The purpose of this article is to discuss what Azure SQL Database Managed Instance is. This will then lay a foundation to explore the capabilities of this deployment model. We will discuss some advantages it can bring to your infrastructure with a cross comparison against on-premises SQL Server. Finally, we look at some important networking configuration that you will need to be aware of when evaluating it.
What is Azure SQL Database Managed Instance?
Azure SQL Database is Microsoft’s relational database service that operates in Microsoft Azure as Platform as a Service (PaaS) where you have a choice of the following deployment options:
Their newest offering, Managed Instances provides near 100% compatibility with the latest SQL Server on-premises (Enterprise Edition) Database Engine. It became available for public preview in March 2018 and it is seen as a very attractive deployment model but the question is why?
I see many customers benefiting from this because of three main reasons. Firstly, it is easy to lift and shift the database due its near 100% compatibility with on-premises SQL Server, coupled with the fact that native restore commands work, thus allowing for easy migrations. All this is possible whilst still being a fully managed PaaS offering. Finally, a lot of thinking and design has gone into the architecture, allowing for an isolated and secure cloud environment for databases hosted within a Managed Instance.
Managed Instance can be deployed on two hardware generations (Gen4 and Gen5). Hardware generations have different characteristics that are described in the following table:
There is no right or wrong answer here when selecting the Gen type, this is a decision that you need to make. Once you have decided the hardware type you then need to confirm that service tier you desire.
Managed Instance is available in two service tiers:
- General Purpose: Designed for applications with typical performance and IO latency requirements.
- Business Critical (preview): Designed for applications with low IO latency requirements and minimal impact of underlying maintenance operations on the workload.
Quite simply, if you know that you need low I/O latency and high I/O throughput then Business Critical would make the most sense because this is based on fast SSD storage I/O subsystem. If your business requirements dictate that you need more than one replica and read scale capability, then again Business Critical will be the most natural fit. However, be aware of the capacity requirements for this because it will generally consume four times more capacity than a General Purpose tier database instance due to the extra replicas.
Native Backup Benefit
As mentioned in the introduction you have the ability to restore a backup of your database from Azure storage into a Managed Instance. This is groundbreaking, where in the past we have had to rely on tools and BACPACs to migrate databases into Azure. To do this obviously requires some configuration and TSQL code but the benefit of this feature makes it worthwhile. At a high level you will need the latest version of SSMS (SQL Server Management Studio), a credential that uses a shared access signature to where the backup is located (Azure Storage) and some TSQL code for the actual restore.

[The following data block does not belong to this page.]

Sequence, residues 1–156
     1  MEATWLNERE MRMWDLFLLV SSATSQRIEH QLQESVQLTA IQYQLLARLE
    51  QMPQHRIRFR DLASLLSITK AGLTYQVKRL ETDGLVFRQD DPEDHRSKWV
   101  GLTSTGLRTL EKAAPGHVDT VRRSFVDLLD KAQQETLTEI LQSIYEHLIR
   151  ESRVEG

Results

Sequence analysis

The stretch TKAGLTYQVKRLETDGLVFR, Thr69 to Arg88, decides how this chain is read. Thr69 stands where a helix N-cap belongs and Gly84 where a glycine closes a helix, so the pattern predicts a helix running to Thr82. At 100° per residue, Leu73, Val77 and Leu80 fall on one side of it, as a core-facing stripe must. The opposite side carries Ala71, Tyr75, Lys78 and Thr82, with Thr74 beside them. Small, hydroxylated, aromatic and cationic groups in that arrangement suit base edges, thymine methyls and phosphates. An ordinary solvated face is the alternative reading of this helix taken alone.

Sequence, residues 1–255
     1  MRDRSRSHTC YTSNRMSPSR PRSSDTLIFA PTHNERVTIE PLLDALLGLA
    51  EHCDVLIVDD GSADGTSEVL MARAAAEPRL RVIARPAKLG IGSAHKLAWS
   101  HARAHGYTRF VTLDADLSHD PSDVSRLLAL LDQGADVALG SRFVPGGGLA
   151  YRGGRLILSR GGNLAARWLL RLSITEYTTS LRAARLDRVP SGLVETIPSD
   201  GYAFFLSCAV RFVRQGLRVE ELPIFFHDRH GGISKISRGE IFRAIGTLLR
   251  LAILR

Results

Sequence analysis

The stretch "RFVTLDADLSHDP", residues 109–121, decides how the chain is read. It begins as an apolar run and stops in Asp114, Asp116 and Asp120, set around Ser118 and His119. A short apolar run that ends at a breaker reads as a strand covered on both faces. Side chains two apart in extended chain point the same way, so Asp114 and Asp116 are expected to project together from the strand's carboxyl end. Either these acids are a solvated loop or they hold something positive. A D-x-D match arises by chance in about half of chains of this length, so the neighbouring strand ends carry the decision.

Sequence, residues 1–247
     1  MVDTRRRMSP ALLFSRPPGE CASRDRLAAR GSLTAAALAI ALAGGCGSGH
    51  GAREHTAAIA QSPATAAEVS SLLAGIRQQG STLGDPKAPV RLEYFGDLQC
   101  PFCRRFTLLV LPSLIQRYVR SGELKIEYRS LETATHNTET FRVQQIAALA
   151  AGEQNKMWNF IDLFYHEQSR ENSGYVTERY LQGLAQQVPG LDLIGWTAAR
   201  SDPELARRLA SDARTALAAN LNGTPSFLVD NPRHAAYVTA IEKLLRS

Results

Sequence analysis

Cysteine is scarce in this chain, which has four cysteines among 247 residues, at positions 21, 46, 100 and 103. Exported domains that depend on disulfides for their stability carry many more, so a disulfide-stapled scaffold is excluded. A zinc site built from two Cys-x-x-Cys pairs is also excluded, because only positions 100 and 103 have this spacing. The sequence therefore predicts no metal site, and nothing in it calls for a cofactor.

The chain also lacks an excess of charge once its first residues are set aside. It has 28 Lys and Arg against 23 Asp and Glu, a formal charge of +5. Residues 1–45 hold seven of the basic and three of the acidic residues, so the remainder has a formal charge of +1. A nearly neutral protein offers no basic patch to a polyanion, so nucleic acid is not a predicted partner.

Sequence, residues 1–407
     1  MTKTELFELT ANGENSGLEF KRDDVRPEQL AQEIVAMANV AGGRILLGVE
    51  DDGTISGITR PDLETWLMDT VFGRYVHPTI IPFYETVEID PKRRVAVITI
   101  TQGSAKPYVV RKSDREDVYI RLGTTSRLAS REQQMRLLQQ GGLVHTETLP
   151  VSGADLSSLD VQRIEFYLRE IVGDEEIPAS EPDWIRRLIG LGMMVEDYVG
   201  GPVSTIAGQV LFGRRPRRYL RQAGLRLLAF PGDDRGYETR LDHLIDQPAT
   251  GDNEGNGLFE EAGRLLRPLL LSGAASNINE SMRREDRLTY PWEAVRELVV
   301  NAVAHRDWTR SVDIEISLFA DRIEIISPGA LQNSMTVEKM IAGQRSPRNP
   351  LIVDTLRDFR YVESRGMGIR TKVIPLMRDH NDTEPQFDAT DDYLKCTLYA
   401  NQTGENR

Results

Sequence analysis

Below shows the TSQL statements required, please note keys and secrets have been obfuscated for the purpose of this article.
Connect to the source server and issue the commands to create a credential and a full backup into Azure storage.
-- Create the credential CREATE CREDENTIAL [https://mystorage.blob.core.windows.net/backup] WITH IDENTITY = 'SHARED ACCESS SIGNATURE' , SECRET = 'your secret' --Backup BACKUP DATABASE [TestDB] TO URL = 'https://mystorage.blob.core.windows.net/backup/test.bak'
Then connect to the Managed Instance.
— Create the credential
CREATE CREDENTIAL [https://mystorage.blob.core.windows.net/backup]
WITH IDENTITY = ‘SHARED ACCESS SIGNATURE’
, SECRET = ‘your secret’
–Restore the backup
RESTORE DATABASE [TestDB] FROM URL =
Once you have restored the database do not forget that this is still a fully managed service so Microsoft will take care of all the backups and consistency checks for you. Please note, backups from a Managed Instance can only be restored to another Managed Instance. They cannot be restored to an on-premises SQL Server or to an Azure SQL Database single server or an elastic pool.
This is a great time to discuss the other benefits that Managed Instances will give you.
The administration costs of this solution are very low. Remember we have just restored a SQL Server backup file and still we have key benefits built into the product. These benefits are what makes this technology more advantageous than classic on-premises SQL Servers.
- Automatic software patching